High-Voltage Inductor, For Cost and Downtime Savings

Perkin Elmer Corp. is a Norwalk, CT-based manufacturer of life-science systems and analytical instruments. Among other products, the company's Optoelectronics business produces thyratrons, fast acting, high-energy switches capable of operations up to 20 kA and 75 kV. They are typically used in applications such as gas laser, radar, and other modulator applications.

Before they leave the factory, all Perkin Elmer Optoelectronic thyratrons undergo a testing and burn-in or "aging" procedure to ensure that they will hold their rated voltage. In this process, the unit is started at relatively low anode and heater voltages, which are gradually increased over a period of time until full ratings are attained. This aging process smoothes microscopic pits and protrusions on the electrode surfaces, removes trace contaminants, and burns off any cathode coating that may have condensed on insulators or electrodes. Testing follows to ensure that the thyratron performs to specified parameters.

To carry out this testing and aging, the company employs 15 different modulator kits. Some are the size of a small room, measuring up to 16 x 8 x 8 ft. The modulator kits are designed for the company's range of thyratrons of different capacities and sizes. When any of the modulator kits goes offline, production is delayed.

A critical component of each modulator kit is its charging choke, a large metal case or "can" that holds inductors, which are large coils of heavy wire wrapped around a fiberglass tube. The inside of the can is filled with insulating oil to prevent arcing between the inductor to the case. Charging chokes, which can be the size of a refrigerator and weigh some 500 lbs., limit the current coming out of the power supply.

Last year, a problem developed in one of four modulator kits. Senior engineer David O'Brien speculates that the faulty choke may have been an original unit, "meaning it would be more than 40 years old," he says. "The kit would occasionally shut itself down automatically. Sometimes after it cooled off, it would work again, but over time it got worse until it wouldn't run anymore. Under the constant stress of 30,000 volts, it was arcing and shorting out. We realized that it was at the end of its useful life. Not only had the insulating properties of the PCB oil broken down, 13 gallons of that toxic waste presented us with a disposal problem."

The company initially planned to replace the choke. Because the original manufacturer was no longer in business, Perkin Elmer Optoelectronics obtained a competitor's quote for a new unit matching the original specifications. It would cost more than $50,000. Compounding this expense would have been 16 weeks of lead-time, while thyratron production would be cut 25%, with only three of the four modulator kits in operation.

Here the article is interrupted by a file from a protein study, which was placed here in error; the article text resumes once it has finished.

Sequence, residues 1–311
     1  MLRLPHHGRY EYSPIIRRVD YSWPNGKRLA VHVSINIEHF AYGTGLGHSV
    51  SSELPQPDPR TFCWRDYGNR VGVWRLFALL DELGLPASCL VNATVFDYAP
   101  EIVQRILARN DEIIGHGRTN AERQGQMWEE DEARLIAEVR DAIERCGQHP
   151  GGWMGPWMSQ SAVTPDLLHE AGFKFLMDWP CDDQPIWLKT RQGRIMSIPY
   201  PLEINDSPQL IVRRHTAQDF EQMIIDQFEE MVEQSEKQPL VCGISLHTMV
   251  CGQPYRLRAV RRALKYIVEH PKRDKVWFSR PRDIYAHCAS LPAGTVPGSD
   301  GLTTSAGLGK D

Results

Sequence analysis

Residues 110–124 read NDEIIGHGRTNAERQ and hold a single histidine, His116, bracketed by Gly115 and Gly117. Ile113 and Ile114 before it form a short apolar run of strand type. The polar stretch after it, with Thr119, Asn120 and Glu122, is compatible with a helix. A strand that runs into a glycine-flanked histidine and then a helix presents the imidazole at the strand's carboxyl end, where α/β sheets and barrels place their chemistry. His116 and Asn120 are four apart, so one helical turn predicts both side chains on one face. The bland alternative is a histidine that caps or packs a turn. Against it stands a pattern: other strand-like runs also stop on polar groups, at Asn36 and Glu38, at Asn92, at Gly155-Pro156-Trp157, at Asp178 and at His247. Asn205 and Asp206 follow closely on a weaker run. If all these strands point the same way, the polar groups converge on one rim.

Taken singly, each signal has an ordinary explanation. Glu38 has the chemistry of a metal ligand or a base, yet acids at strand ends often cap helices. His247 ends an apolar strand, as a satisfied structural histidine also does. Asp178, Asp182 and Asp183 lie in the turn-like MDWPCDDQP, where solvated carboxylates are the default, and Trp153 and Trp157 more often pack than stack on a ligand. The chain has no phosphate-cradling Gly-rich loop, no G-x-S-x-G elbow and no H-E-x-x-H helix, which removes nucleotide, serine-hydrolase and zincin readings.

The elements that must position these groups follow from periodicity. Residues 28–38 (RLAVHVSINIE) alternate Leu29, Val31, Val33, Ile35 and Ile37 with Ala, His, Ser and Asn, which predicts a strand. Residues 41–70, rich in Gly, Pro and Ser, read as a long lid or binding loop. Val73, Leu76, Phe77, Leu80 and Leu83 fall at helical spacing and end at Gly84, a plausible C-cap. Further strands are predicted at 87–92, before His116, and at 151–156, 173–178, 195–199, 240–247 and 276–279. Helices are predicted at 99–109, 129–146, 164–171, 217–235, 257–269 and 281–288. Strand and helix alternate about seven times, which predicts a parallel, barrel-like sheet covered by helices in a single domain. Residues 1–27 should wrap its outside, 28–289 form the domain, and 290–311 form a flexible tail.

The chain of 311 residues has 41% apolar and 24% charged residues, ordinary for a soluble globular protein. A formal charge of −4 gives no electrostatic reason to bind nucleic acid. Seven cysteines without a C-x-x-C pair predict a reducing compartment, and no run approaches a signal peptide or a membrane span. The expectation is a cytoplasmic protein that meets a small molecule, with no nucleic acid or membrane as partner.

O'Brien considered alternatives. He had previously done business with MagCap Engineering, LLC, a Canton, MA-based designer, manufacturer and repair facility of magnetics of all sizes for the broadcast, telecommunication, microwave, military and defense industries. O'Brien called MagCap's president Chris Lagadinos to explain their situation. Lagadinos asked O'Brien to make an engineering drawing and send him the original manufacturer's part number.

After reviewing the drawing and the original specifications for the choke, Lagadinos suggested rebuilding the original unit at a fraction of the cost of a new one. O'Brien agreed to the retrofit solution.

The old unit was shipped to MagCap Engineering's Massachusetts headquarters. There, technicians opened the case, cleaned out the PCB oil and disposed of it in an environmentally safe manner. They then rebuilt the inductors, put everything back together, filled it with non-toxic oil, painted the case, and returned it as good as new at a cost of $5,600.

"MagCap's quick-turnaround solution saved us a lot of money and minimized our production downtime," says O'Brien. "It brought the unit back online in five days rather than four months, for about one-tenth the cost of a new unit."

Three reasons contributed to the cost savings. First, rebuilding rather than replacing eliminated the expense of custom building the large, thick steel case. A second saving was eliminating the need for new ceramic bushings. These can cost up to $2,000 each and the ceramic industry typically needs two or three months of turnaround time. And third, the quick turnaround minimized production downtime, which would have been substantial during the four months required for a new unit.

"The modulator kit is back in operation testing thyratrons and helping us to maintain our productivity and budget," says O'Brien. "If you didn't know better, you'd think it was new unit."

MagCap Engineering, LLC, 222 Bolivar St., Canton, MA 02021; 781-821-2300.